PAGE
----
Tuesday Mar 16 2010
Water-smart yard offers color, great view
By: Gloria Young Home & Garden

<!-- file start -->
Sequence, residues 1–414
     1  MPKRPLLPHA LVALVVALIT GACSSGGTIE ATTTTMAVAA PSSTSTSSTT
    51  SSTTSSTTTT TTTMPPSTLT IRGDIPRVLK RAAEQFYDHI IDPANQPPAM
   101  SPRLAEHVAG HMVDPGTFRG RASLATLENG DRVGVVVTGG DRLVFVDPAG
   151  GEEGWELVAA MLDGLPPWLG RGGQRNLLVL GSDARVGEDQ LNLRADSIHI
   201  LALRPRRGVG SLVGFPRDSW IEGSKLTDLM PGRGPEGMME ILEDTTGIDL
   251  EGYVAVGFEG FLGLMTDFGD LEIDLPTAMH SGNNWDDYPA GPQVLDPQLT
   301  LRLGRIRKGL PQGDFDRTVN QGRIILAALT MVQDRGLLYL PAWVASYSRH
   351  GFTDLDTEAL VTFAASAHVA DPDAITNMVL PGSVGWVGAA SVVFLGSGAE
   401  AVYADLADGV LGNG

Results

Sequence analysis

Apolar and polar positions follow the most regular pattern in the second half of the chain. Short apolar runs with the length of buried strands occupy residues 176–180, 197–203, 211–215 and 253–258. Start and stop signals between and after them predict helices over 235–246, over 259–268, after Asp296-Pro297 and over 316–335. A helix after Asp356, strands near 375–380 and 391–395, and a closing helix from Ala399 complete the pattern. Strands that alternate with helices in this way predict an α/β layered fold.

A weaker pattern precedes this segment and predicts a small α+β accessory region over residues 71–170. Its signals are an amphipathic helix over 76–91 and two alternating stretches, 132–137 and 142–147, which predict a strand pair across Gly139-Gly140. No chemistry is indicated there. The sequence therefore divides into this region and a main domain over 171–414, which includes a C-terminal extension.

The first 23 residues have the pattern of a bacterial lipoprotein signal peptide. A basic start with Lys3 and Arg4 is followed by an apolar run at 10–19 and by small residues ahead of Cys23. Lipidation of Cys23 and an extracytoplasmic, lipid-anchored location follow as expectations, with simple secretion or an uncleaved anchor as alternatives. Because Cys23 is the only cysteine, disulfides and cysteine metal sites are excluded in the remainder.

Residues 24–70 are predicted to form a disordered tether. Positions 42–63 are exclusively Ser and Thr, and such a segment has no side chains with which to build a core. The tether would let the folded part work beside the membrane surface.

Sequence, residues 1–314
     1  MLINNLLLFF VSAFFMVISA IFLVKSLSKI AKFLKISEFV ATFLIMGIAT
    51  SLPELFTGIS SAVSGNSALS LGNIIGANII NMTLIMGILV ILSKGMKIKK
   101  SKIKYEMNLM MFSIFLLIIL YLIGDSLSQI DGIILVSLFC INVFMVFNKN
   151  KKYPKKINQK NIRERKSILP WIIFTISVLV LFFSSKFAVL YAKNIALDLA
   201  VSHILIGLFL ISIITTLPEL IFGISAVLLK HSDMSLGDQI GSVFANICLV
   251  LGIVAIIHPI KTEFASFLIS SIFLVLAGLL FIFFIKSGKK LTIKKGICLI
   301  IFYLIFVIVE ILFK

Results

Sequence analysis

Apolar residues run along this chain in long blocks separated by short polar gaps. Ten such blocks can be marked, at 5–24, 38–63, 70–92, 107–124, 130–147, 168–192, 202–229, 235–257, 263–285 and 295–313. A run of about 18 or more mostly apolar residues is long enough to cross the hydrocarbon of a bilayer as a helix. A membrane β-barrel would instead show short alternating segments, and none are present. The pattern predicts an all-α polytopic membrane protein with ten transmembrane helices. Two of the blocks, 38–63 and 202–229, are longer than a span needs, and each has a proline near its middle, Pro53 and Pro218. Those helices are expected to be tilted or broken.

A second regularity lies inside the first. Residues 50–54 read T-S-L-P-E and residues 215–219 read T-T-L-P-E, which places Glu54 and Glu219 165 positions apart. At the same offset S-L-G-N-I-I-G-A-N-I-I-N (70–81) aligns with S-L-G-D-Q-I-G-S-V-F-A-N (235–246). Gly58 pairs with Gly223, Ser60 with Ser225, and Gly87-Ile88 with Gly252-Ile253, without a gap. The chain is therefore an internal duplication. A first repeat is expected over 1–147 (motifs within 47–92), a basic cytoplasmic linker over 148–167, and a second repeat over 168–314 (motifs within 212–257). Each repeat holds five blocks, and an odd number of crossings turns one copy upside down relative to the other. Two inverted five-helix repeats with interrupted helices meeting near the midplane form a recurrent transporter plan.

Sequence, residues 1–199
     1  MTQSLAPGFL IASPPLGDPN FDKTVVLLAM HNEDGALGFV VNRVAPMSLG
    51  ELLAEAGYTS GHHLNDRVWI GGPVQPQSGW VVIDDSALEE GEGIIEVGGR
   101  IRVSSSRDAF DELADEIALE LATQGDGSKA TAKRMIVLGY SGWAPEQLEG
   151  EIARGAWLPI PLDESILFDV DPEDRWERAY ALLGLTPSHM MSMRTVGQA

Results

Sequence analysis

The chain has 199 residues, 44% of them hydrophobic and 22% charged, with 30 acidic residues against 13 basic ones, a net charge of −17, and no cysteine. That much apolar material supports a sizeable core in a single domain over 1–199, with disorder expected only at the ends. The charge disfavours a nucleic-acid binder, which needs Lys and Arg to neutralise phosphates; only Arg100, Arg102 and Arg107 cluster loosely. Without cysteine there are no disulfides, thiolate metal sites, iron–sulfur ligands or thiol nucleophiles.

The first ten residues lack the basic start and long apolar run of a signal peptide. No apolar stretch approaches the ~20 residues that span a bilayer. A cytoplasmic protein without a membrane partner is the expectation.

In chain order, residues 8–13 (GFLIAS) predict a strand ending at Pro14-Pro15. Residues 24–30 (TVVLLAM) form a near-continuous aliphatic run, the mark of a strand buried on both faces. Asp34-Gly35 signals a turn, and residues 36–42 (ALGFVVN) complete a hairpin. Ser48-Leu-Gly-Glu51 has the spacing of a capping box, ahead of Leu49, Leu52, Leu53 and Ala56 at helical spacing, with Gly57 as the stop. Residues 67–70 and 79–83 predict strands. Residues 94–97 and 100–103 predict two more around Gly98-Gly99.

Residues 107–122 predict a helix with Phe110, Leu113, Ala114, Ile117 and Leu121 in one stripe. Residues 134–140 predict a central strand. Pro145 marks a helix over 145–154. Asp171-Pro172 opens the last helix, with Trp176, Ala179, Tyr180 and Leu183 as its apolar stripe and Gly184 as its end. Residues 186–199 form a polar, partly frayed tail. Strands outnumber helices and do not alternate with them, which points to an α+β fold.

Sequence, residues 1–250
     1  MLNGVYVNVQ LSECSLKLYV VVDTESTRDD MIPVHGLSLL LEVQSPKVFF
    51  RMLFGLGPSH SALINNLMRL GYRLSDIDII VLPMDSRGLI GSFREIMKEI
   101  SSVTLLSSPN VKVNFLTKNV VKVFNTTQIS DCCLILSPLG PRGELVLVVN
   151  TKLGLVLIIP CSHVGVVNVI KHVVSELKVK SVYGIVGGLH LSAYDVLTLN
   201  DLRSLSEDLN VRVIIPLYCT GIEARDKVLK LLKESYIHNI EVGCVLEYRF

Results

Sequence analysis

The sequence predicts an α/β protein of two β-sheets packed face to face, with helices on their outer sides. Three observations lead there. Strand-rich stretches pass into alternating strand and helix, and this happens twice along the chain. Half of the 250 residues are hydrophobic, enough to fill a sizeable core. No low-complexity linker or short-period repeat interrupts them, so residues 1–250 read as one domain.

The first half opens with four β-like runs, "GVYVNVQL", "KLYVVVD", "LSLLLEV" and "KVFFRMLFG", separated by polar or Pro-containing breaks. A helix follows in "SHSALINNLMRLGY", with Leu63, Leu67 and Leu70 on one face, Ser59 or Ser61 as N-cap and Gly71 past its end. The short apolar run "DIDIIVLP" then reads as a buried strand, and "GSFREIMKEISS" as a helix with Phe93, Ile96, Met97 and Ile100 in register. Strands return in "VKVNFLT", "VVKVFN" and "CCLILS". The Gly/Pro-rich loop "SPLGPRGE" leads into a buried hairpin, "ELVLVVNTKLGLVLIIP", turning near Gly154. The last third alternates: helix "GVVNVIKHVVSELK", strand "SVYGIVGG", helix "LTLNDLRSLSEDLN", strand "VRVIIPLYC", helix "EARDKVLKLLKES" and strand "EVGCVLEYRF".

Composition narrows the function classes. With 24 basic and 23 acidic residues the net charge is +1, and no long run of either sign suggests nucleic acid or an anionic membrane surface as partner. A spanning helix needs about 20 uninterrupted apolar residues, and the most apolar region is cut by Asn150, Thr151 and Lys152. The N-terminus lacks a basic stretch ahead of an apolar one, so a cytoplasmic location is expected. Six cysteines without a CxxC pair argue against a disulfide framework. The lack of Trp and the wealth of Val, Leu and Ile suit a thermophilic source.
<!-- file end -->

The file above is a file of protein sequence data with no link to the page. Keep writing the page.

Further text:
When Bruce and Celia Broadwell built their home in the 1980s, it was all about the view. The three-story residence with its tall windows and wrap-around decks overlooks Lake Combie. The Broadwell, both retired teachers, added a flagstone patio last year that makes the most of the property’s lake vantage point and offers a perfect place to relax. There are panoramic views of the lake from the lower- and middle-level decks, too. On the side of the house, a walkway off the deck makes an “s” pattern down the hill onto the patio. Celia Broadwell is a devoted gardener. “I spend as much time out here as I can,“ she said recently. And it shows. Her green thumb is apparent in the islands of colorful spring bulbs that dot the yard and the variety of flowers and plants flourishing across the landscape . Instead of a thirsty lawn, the front yard is a mix of flowers, herbs and greenery — forsythia, sweet peas, lamb’s ear, lavender and primroses. Thriving groups of bearded iris are on the verge of flowering. Along the walkway, an area planted with hellebore is in full bloom. “I also have some that are brick red,” she said. Mature trees provide plenty of shade. To combat the rocky, harsh soil of the foothills, Broadwell regularly replenishes the topsoil. Over the years, she has cultivated a patchwork of blossoms that provide color and interest year-round. Her latest project is planting forsythia cuttings to create a border along the driveway. Typically, Broadwell starts her plants in a series of window boxes on the deck. When they’re sufficiently mature to be replanted, she chooses the perfect spot for them in the yard. The Broadwells have lived in Meadow Vista for 45 years. Bruce Broadwell is from Vermont and Celia is from South Dakota. Both attended college in California and met when they were teaching. When it came time to settle somewhere, they used a unique method. “We drew a line across California at San Francisco and said we didn’t want to apply for any (teaching) positions south of that line,” Bruce Broadwell said.